Step 2: Identify Your Preferred Neighbourhood

Identify a Toronto neighbourhood where you would like to live. Some factors that you should consider while researching neighbourhoods are:

  • The average cost of rentals in a specific neighborhood 
  • Commute time to core downtown/city center or major business hubs
  • Monthly travel costs
  • Walk and transit scores
  • Proximity to schools, your workplace, grocery stores, transportation, shopping malls, places of worship, etc.
  • Parking
  • Crime rates
  • Noise levels

Step 3: Decide Type of Accommodation

There are several types of housing you should know about:

Apartments: According to the Canada Home Mortgage Corporation (CHMC), apartments range from walk-up units in low-rise buildings to units in buildings with elevator access. These buildings are owned and maintained by a corporation. Amenities available in apartment buildings range from one washer and dryer on site to full laundry rooms, common areas, and fitness facilities.

Condominium: A condominium is a unit (similar to a suite or apartment) in a high-rise building. Condominium residents typically have access to shared amenities within the building, such as a gym, pool, and party room. Condominiums are owned and maintained by a private owner or landlord.

Student Dormitories: According to CMHC, student dormitories include rooms that are rented out to individuals. The kitchen, bathroom, and living room are usually shared with other residents.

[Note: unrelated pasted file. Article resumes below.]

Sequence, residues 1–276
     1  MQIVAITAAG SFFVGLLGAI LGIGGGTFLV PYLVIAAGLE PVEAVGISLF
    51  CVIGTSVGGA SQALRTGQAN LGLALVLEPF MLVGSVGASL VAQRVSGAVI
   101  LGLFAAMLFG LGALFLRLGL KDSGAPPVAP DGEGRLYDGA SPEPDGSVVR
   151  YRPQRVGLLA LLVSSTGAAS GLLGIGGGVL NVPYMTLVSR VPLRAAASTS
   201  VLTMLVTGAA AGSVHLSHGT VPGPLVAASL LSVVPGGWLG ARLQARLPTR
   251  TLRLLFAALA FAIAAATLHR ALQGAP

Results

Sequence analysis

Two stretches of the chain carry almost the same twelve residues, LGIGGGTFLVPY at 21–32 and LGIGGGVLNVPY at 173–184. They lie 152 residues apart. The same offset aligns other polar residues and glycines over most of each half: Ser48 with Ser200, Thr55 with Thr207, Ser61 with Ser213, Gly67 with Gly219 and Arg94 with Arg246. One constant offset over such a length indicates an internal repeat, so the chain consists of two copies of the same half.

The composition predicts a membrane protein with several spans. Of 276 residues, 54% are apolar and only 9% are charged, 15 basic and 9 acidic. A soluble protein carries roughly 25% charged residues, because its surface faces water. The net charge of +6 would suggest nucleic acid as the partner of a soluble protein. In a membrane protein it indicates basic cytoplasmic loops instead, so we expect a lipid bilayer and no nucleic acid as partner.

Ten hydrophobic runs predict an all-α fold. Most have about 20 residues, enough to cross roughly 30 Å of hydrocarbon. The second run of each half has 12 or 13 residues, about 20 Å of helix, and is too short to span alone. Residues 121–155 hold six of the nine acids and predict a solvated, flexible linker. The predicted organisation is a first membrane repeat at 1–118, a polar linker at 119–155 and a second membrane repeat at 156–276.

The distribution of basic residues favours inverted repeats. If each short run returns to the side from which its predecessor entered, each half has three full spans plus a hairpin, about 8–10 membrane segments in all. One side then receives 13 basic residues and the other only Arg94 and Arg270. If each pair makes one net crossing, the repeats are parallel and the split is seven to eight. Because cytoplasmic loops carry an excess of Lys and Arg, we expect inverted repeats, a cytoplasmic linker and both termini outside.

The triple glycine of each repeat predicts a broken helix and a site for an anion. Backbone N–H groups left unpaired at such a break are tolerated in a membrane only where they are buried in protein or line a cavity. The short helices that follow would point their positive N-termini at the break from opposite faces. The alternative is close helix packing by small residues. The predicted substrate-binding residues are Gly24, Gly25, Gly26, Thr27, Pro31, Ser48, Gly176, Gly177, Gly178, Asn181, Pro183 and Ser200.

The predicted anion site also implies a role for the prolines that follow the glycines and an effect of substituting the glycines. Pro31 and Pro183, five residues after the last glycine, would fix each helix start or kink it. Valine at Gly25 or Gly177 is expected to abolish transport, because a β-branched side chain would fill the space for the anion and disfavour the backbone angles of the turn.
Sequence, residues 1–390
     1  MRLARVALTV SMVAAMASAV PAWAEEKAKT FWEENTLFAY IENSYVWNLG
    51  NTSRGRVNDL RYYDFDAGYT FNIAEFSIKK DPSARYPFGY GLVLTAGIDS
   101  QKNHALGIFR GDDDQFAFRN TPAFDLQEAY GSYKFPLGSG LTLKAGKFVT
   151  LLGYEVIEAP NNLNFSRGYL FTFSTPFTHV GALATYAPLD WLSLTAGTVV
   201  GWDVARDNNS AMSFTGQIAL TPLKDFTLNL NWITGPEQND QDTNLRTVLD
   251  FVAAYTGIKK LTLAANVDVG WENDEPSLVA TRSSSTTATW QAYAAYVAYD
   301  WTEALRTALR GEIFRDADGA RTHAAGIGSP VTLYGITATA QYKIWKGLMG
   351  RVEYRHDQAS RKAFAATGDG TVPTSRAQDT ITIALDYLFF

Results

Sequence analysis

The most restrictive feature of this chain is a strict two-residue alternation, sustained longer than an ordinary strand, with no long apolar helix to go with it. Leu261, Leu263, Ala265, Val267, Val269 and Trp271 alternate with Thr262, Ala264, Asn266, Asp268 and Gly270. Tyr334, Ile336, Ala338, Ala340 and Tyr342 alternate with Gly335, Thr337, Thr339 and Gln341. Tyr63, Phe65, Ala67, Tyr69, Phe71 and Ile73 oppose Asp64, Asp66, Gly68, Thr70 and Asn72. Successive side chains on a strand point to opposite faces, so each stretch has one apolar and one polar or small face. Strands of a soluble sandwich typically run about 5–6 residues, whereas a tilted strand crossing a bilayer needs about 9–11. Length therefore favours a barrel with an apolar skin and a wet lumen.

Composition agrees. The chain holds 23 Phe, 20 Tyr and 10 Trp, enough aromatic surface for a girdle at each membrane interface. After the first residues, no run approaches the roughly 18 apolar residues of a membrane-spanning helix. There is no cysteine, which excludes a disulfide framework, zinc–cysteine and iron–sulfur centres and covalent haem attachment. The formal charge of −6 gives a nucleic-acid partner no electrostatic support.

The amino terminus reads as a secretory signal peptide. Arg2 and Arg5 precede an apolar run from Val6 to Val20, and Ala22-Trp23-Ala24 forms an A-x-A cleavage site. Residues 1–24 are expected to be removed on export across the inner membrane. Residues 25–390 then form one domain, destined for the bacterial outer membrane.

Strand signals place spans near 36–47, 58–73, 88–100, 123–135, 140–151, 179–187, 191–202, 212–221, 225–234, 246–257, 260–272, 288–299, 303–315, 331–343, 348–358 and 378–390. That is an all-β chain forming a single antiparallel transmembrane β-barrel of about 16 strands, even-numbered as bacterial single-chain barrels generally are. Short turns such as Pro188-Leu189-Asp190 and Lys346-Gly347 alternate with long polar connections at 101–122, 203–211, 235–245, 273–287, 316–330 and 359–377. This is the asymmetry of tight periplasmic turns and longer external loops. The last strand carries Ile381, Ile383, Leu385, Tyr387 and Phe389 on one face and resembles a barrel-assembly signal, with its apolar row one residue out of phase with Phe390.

Houses: CMHC defines residential rentals as townhouses, semi-detached houses, semi-detached houses, and detached houses. The house may have two or three separate apartments, one above the other. A house divided into two units is called a duplex, and a house divided into three units is called a triplex.

Basement Apartment: The basement of a house is often called an apartment. Basement rentals have the advantage of having more space than most apartments and access to outdoor areas such as terraces, lawns, gardens, and parking spaces.

Bachelor Units/Studio: These are both apartments and condos. Bachelor units or studios are relatively small, with one room serving as both a sleeping area and a living area.

To get professional advice, fill out the Next Stop Toronto contact form on the homepage to speak directly with an experienced real estate agent.

Step 4: Search For Offers That Match Your Criteria.

When looking for the right accommodation, use our online filters to narrow down your options. When contacting a real estate agent, be sure to clearly state your wishes.

Here are some questions to ask your landlord or real estate agent when shortlisting:

Rent Breakdown: Ask about what’s included and excluded from the rent. Utilities such as water, water (electricity), heat, air conditioning (AC), internet, and cable may or may not be included. Parking fees may also be subject to additional charges. Most accommodations in Canada have a fully furnished kitchen with all the necessary appliances. However, we recommend that you check that this is not the case.